Aisha, 13, a pupil at the school, comes from Borno state. Her memories of the attacks on her community and seeing injured or sick people with no one to care for them influenced her aspirations of becoming a doctor: 

Aisha, a student at the school, who dreams of becoming a doctor. Photo: Godwin Oisi

“Whenever I saw them (the vulnerable) I felt like carrying them. I will be able to do this with school,” she said.

Aisha does not know why she was never sent to school before, but is glad to be attending now: “I am happy here because I learn and I like mathematics,” she said. 

Her classmate Hajara, 12, whose favourite subject is social studies, is excited to be back in school after her education in neighbouring Chad was disrupted due to the insurgency, and then again by the pandemic. Hajara’s eyes welled up with tears when questioned about her experiences in Chad of having to drop out of school and move far away from her mother, who has fallen ill.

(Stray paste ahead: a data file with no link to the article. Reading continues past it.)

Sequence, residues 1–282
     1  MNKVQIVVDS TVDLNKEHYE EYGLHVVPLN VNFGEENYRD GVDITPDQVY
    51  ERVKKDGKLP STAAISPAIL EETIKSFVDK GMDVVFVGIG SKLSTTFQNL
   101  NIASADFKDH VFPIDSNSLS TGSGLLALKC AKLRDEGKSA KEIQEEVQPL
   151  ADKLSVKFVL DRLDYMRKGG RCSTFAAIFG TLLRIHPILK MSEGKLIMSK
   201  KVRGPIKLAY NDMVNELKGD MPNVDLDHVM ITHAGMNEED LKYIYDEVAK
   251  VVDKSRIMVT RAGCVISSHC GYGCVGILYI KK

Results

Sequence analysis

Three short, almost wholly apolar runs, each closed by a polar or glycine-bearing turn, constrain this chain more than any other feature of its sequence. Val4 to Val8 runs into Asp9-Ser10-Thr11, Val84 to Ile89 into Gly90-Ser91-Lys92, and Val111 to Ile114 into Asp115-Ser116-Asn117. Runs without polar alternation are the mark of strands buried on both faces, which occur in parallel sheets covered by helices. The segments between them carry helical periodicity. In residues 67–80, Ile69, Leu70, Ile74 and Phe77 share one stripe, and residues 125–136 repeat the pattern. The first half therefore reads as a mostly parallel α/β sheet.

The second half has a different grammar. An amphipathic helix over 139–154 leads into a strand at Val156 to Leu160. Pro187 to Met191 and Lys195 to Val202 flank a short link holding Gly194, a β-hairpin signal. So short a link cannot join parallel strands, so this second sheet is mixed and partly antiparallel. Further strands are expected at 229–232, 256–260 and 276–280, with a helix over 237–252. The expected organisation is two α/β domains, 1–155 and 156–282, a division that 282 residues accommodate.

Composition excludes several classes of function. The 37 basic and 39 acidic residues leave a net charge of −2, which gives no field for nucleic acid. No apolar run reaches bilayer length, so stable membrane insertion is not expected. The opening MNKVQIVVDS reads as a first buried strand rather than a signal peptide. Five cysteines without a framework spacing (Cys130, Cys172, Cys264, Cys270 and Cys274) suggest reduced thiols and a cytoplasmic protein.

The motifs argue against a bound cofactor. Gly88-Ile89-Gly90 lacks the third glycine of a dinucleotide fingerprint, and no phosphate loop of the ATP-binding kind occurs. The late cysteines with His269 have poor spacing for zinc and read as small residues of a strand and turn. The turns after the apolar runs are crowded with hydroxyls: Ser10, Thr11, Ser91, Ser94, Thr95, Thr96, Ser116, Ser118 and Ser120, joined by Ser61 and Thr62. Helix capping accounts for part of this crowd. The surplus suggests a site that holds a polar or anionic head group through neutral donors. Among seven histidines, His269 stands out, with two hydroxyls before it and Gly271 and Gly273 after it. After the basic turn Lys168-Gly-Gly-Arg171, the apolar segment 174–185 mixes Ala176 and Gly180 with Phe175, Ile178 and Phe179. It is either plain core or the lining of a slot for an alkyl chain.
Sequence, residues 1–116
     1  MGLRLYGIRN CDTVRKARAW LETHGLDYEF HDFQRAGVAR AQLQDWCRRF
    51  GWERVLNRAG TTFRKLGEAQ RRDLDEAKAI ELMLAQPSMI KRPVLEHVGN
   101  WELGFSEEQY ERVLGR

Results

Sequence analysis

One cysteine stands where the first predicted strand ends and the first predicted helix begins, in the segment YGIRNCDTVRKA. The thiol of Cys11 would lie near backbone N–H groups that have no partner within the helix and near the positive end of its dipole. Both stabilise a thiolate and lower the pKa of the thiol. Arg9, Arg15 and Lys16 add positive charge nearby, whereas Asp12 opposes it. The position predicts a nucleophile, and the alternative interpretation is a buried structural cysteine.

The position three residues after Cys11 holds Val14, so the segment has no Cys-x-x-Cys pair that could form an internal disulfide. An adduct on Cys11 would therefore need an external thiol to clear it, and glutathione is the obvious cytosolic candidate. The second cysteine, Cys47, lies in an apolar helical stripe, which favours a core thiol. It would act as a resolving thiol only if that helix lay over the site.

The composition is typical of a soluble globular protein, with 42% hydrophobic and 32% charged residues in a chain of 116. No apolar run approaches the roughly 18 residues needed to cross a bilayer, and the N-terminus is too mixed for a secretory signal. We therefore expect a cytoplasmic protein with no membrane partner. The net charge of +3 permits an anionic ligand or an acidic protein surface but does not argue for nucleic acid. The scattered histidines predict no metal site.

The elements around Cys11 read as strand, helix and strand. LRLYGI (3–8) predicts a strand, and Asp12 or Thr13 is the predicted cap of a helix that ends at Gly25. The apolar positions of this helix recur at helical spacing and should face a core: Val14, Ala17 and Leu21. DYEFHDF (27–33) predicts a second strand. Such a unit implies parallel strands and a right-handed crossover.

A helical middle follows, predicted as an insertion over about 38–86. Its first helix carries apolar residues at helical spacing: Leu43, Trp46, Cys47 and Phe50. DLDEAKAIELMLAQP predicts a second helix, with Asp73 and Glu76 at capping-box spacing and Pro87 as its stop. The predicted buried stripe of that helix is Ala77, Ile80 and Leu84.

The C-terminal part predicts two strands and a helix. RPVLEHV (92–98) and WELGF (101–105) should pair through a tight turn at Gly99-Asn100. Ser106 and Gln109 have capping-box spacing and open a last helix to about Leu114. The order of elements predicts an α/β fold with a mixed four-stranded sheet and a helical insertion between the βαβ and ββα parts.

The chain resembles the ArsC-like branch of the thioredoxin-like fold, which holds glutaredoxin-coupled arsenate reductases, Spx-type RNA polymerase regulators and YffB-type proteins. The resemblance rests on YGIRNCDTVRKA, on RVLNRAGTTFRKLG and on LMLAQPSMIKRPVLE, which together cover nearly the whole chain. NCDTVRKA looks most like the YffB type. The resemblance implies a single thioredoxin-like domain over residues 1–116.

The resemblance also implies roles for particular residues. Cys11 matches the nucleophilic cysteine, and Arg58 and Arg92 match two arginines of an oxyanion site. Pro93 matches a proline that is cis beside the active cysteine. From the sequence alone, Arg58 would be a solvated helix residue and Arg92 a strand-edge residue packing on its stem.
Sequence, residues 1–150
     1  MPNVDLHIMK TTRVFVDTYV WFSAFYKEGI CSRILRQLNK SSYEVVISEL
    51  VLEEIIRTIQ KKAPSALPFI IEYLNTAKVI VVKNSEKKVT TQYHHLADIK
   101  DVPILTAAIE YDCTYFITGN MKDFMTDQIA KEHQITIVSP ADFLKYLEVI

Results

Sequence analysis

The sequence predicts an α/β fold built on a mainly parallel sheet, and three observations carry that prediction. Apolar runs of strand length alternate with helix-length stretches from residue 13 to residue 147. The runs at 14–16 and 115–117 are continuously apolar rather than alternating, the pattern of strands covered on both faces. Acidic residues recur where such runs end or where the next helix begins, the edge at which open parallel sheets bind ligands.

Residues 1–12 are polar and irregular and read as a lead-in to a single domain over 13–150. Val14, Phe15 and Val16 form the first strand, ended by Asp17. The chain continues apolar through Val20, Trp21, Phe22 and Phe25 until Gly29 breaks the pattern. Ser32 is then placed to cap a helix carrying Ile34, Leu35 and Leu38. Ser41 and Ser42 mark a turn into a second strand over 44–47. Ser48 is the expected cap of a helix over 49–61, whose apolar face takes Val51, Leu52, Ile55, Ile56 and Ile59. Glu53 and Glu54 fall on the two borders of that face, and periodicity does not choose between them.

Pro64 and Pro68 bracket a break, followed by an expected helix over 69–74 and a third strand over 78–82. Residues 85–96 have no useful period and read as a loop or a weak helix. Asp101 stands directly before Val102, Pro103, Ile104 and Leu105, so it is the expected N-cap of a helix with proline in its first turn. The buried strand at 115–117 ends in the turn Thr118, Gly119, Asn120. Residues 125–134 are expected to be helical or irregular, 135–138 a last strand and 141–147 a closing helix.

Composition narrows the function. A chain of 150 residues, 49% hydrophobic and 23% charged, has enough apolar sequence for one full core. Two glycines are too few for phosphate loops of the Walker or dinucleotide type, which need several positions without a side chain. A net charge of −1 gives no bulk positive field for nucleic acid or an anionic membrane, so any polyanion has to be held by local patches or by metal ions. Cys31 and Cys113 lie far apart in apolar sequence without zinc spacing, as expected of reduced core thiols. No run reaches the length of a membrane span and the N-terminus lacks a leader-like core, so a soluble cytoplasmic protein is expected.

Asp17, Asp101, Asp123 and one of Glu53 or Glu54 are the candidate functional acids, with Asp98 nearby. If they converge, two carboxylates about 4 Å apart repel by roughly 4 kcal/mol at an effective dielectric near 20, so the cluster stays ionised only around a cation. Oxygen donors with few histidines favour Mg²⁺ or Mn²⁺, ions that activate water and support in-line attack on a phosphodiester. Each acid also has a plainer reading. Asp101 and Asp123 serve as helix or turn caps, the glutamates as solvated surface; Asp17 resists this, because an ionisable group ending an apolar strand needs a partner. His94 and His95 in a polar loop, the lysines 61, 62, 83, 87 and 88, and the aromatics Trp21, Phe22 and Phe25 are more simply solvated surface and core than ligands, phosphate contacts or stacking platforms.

Although Hajara is unsure how much or what kind of education her mother, who buys and sells between Nigeria and Chad, attained, she remains Hajara’s source of advice and inspiration.

Hajara, originally from Chad, dreams of becoming a teacher. Photo: Godwin Oisi

“She calls me regularly and always encourages me to go to school,” Hajara said.

The Role of Religious Leadership

In March 2021, Nigeria's Ministry of Education announced that 10.1 million children were out of school, up more than three-million from the previous year, which also marked the beginning of the pandemic. Girls account for 60 per cent of this number. Thirty per cent of them were aged between nine and twelve and have never attended school. Experts attribute this rise to the pandemic and lack of security.